Strong links between these two scientific communities will be of benefit even if the UK remains in all of the European research programmes because, “Collectively, UK and Ireland will win more of that European budget,” said Ferguson. On the other hand, if it’s a hard Brexit and the UK is to have nothing further to do with the European research programmes, then ties between UK and Irish research become even more of an imperative.
“This approach of strengthening the bilateral links, of recruiting good people [and] of making joint appointments – it’s a good thing to do irrespective of what the precise outcome [of Brexit] will be,” Ferguson concluded.
Joint appointments are not unusual in research, and Brexit has inspired more of these connections. During our conversation, Ferguson remarked on a recent agreement between Imperial College London and the Technical University of Munich that will create numerous joint positions between the two. In Ireland, SFI is planning for something in the range of a dozen or half-dozen joint appointments and Ferguson expects to be making the first of these announcements in January next year.
Recruiting star research talent into Ireland, either by joint appointment or wholly embedded in our ecosystem, will in turn attract companies as well as other good researchers and students to the community. As a further complement to that, SFI will be working on developing native talent already here in Ireland.
The establishment of new SFI Centres for Research Training will fund at least 600 new PhD students in high-growth research areas such as data science, AI and machine learning. “That’s both about the algorithms and the cybersecurity, but it’s also about the use of this [technology] in agriculture and the economy and so on,” Ferguson explained.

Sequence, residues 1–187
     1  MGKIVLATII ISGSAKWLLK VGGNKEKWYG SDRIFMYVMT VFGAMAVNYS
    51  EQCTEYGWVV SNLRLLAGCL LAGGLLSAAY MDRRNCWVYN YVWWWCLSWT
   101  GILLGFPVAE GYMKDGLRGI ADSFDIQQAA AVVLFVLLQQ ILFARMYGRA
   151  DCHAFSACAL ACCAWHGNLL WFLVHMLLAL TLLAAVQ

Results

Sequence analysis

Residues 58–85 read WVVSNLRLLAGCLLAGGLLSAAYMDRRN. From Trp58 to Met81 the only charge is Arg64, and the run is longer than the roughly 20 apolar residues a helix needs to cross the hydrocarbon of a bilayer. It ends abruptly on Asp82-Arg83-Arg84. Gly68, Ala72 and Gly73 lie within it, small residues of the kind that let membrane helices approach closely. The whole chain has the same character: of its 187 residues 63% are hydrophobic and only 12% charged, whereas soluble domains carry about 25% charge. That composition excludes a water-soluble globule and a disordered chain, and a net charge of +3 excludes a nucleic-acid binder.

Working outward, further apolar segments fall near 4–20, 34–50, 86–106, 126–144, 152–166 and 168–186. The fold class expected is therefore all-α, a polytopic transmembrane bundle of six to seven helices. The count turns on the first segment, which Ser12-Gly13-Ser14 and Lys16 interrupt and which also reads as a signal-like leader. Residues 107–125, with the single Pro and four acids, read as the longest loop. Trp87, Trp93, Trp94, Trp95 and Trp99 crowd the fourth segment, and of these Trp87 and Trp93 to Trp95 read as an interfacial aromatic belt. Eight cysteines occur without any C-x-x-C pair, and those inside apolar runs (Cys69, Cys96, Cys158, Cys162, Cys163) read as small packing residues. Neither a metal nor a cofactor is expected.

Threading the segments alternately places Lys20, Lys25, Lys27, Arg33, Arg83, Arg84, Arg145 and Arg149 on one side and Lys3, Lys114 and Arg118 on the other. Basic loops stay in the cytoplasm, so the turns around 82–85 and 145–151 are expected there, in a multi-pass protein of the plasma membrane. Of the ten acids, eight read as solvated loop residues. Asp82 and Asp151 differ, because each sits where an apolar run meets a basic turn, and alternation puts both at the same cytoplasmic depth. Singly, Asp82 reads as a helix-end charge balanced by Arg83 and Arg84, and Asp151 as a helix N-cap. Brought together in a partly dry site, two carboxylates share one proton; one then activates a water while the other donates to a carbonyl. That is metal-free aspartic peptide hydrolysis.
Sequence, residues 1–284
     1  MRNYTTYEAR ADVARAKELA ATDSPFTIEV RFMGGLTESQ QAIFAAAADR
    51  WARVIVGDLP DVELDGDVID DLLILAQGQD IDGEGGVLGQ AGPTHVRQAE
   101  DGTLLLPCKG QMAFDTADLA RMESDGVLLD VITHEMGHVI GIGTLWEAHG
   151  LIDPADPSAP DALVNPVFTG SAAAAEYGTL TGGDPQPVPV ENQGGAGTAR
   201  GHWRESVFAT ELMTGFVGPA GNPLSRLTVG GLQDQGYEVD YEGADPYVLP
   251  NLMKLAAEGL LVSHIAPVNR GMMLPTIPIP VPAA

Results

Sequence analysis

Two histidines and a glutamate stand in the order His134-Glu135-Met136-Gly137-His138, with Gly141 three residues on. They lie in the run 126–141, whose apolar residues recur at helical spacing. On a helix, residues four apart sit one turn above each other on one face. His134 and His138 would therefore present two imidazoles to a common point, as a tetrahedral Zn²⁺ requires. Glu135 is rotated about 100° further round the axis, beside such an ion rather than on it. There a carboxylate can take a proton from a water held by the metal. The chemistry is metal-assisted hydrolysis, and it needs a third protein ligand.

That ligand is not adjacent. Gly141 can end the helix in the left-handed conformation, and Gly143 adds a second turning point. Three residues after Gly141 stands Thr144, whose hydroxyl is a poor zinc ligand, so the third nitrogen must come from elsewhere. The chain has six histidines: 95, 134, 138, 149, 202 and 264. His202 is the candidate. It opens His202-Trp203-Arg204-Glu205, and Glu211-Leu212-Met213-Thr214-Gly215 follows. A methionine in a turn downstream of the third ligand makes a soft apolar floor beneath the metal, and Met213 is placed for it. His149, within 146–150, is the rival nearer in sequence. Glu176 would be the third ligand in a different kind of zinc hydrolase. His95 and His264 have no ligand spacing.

The competition to establish these centres is currently underway with an announcement expected in the first quarter of 2019. The first intake of students will be in September 2019.
It will be a “cohort approach”, Ferguson said, meaning that the students can be registered in universities across the country but will converge in one location for training. This training will be delivered in large part by industry and will involve work placements.
“There will also be a big focus on [the students] being trained and co-supervised by the best experts from around the world, whether that’s in America or the UK or wherever,” said Ferguson. (He acknowledged that Ireland does have some international leaders in these fast-moving areas, but as a small country we don’t tend to have leaders across all domains.)
“I want these to be the best-trained people in the world. And I think that that’s an asset then for Ireland for attracting companies and so on.”
Other work will continue as usual for SFI in 2019, such as its funding partnerships with the Royal Society and the Wellcome Trust, outreach programmes such as Science Week and Smart Futures, and an update to its Gender Strategy to take the agency into 2025.
Another new focus area for 2019 will be challenge-based funding whereby a challenge is set and people from academia, industry and other walks of life compete for a prize of funding or other reward. The beginning of this came with the launch of the Future Innovator Prize, and the programme will grow to include curated challenges in areas such as climate and health.
Ferguson also signalled the launch of a new individual investigator programme likely to be called ‘Frontiers for the Future’. This programme will invite innovative and disruptive proposals from researchers delving into the “groundbreaking” science and technology of the future.
“The research community really want this. Industry also wants it, by the way. It’s stuff that’s going to be important for the future of those companies,” said Ferguson.